Section 162(a) further requires that an item be paid or incurred and the benefit exhausted during the taxable year to be deductible. While the period of the benefits may not be controlling in all cases, it nonetheless remains a prominent, if not predominant, characteristic of a capital item. NCNB Corp. v. United States, 684 F.2d at 295 (Murnaghan, J., dissenting). See United States v. Mississippi Chemical Corp., 405 U.S. 298, 310, 92 S.Ct. 908, 915, 31 L.Ed.2d 217 (1972) (where security is of value in more than one taxable year, it is a capital asset). We still consider, therefore, that the continuation of the permit's value to the taxpayer for a period exceeding one year is evidence that the permit or its costs of acquisition are capital items. E.g., Shutler v. United States, 470 F.2d 1143, 1147 (10th Cir.), cert. denied, 411 U.S. 982, 93 S.Ct. 2275, 36 L.Ed.2d 959 (1973); Wells-Lee v. Commissioner, 360 F.2d 665, 669 (8th Cir. 1966); Nachman v. Commissioner, 191 F.2d 934, 936 (5th Cir. 1951). In this case, the permit was a one-time payment that gave the taxpayer the right to operate for an indefinite period of time. The benefit secured by the permit clearly extended beyond the year in which the fee payment was made. Furthermore, the fact that the fee payment was made only once supports the proposition that the outlay was a capital asset, rather than an annual expense. Wells-Lee, 360 F.2d at 670.
The third requirement of section 162(a) is that the expenditure be an ordinary and necessary expense. The courts have long had difficulty determining whether an expenditure is ordinary and necessary. The parties do not contest the necessity of the expenditures to establish the branches. Our inquiry is whether they were ordinary. In Lincoln Savings, the Supreme Court addressed the question whether a payment required by section 404(d) of the National Housing Act was deductible as an ordinary expense. 403 U.S. 345, 346, 91 S.Ct. 1893, 1895. The savings and loan association was required to pay a two percent premium of the increase in the total of its insured accounts. Id. at 348-49, 91 S.Ct. 1896. This premium was used to provide insurance for deposits in the participating institutions. Id. at 350, 91 S.Ct. at 1897. The institution retained a pro rata share in the reserve fund, but the interest was not transferable, except in case of merger or consolidation or similar transactions. Id. The taxpayer argued that the premium was an ordinary expense of doing business since it was an obligatory expenditure, made by all similarly situated savings and loan institutions, with little possibility of future benefit. Id. at 354, 91 S.Ct. at 1899. The Supreme Court disagreed and stated the test for distinguishing an ordinary expense from a capital expenditure:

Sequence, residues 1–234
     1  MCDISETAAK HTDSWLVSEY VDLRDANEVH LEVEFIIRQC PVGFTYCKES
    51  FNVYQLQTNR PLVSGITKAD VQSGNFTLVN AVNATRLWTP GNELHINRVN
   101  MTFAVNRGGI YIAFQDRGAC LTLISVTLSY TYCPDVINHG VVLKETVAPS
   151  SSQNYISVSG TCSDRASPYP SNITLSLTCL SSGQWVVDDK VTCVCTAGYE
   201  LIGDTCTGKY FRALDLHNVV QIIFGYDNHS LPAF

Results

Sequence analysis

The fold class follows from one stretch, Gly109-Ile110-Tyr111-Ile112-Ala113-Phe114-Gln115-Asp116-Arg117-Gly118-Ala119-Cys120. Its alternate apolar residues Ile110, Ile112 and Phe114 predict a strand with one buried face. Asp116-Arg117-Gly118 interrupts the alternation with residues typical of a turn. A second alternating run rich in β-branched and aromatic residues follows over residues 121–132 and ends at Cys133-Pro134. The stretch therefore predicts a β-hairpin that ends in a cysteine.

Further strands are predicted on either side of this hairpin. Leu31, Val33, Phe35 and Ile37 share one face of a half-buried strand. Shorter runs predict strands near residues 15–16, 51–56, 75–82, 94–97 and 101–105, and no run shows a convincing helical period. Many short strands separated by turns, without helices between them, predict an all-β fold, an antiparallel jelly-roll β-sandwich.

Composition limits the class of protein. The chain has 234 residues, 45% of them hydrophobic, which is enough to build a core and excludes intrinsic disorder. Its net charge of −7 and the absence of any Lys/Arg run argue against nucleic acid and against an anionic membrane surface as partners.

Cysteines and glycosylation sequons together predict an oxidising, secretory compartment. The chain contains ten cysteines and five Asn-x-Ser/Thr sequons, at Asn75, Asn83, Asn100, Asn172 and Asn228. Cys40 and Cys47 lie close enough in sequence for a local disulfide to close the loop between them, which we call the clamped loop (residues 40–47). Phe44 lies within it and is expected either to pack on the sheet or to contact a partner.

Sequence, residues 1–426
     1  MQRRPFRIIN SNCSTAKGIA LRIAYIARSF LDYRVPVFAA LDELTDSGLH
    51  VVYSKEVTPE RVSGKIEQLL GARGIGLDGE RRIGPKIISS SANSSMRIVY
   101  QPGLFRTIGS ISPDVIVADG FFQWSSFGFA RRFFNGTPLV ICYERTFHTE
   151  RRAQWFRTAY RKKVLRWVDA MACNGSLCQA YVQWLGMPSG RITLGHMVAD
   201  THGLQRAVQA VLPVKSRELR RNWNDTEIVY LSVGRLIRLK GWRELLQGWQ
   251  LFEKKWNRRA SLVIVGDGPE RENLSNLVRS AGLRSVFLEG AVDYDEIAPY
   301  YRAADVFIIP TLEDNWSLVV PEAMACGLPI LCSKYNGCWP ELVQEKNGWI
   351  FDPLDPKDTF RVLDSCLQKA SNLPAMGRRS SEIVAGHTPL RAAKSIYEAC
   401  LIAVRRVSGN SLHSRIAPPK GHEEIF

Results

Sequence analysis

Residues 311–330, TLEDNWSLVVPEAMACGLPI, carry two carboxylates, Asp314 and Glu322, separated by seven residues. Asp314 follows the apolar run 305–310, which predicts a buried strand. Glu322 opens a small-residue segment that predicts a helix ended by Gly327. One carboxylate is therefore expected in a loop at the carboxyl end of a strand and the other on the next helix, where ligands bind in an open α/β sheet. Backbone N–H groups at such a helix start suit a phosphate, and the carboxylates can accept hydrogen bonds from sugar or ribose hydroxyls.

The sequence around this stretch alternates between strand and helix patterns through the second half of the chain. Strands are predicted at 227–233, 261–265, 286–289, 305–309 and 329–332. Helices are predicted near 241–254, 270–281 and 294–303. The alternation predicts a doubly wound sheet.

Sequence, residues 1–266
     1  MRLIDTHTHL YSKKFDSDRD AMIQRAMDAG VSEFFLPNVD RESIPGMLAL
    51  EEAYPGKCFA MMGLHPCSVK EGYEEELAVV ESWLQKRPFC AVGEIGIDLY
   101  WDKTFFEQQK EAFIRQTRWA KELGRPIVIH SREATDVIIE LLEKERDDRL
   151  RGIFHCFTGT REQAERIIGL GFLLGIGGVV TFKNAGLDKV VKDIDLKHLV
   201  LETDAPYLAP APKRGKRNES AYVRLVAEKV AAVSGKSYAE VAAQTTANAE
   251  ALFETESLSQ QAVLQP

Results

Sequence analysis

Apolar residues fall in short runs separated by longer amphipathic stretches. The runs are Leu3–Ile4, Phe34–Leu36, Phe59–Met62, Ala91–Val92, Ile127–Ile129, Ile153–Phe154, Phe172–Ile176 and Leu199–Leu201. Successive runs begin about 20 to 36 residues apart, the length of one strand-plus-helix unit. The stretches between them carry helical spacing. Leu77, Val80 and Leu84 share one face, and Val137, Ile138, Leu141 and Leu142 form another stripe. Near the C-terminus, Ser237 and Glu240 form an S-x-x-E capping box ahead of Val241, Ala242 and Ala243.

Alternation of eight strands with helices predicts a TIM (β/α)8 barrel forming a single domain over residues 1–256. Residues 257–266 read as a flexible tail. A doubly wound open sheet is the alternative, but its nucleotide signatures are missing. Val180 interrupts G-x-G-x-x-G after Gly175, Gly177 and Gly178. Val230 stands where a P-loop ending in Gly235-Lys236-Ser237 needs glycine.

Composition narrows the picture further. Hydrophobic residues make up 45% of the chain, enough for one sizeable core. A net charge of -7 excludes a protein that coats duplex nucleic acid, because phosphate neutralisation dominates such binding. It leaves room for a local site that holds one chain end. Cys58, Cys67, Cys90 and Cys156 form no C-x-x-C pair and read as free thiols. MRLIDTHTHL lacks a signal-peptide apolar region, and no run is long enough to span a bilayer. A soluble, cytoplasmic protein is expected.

See Welch v. Helvering, 290 U.S. 111, 115, 54 S.Ct. 8, 9, 78 L.Ed. 212 (1933) ("One struggles in vain for any verbal formula that will supply a ready touchstone. The standard set up by statute is not a rule of law; it is rather a way of life. Life in all its fullness must supply the answer to the riddle.").
The presence of an ensuing benefit that may have some future aspect is not controlling. Many expenses concededly deductible have prospective effect beyond the taxable year.
What is important and controlling, we feel, is that the § 404(d) payment serves to create or enhance for Lincoln what is essentially a separate and distinct additional asset and that, as an inevitable consequence, the payment is capital in nature and not an expense, let alone an ordinary expense, deductible under § 162(a). . . .
Id. at 354, 91 S.Ct. at 1899. Our question, therefore, is whether the establishment of a new branch office creates a separate and distinct additional asset.
The district judge concluded that the expenditures in question related only to the acquisition of a permit and were of no use after the permit was received. We disagree. Section 162(a) must be read in tandem with section 263(a), which provides:
No deduction shall be allowed for — (1) any amount paid out for new buildings or for permanent improvements on betterments made to increase the value of any property or estate. . . .
26 U.S.C. § 263(a) (1976).
This provision has been construed to mean that expenditures incurred in the acquisition of a capital asset must generally be capitalized. Woodward v. Commissioner, 397 U.S. 572, 576, 90 S.Ct. 1302, 1305, 25 L.Ed.2d 577 (1970); Southland Royalty Co. v. United States, 582 F.2d 604, 606, 217 Ct.Cl. 431 (1978), cert. denied, 441 U.S. 905, 99 S.Ct. 1991, 60 L.Ed.2d 373 (1979). Expenditures "made with the contemplation that they will result in the creation of a capital asset cannot be deducted as ordinary and necessary business expenses even though that expectation is subsequently frustrated or defeated." Ellis Banking Corp., 688 F.2d at 1382 (quoting Union Mutual Life Insurance Co. v. United States, 570 F.2d 382, 392 (1st Cir.), cert. denied, 439 U.S. 821, 99 S.Ct. 87, 58 L.Ed.2d 113 (1978)). The district judge therefore erred by concluding that the expenditures had no measurable value to the savings and loan after it acquired approval to open the branch offices. The character of the item acquired determines the tax treatment of the expenditures made to acquire it. E.g., Nachman v. Commissioner, 191 F.2d at 936 (cost of liquor license good for remainder of year must be capitalized where asset could reasonably be expected to serve taxpayer in future years).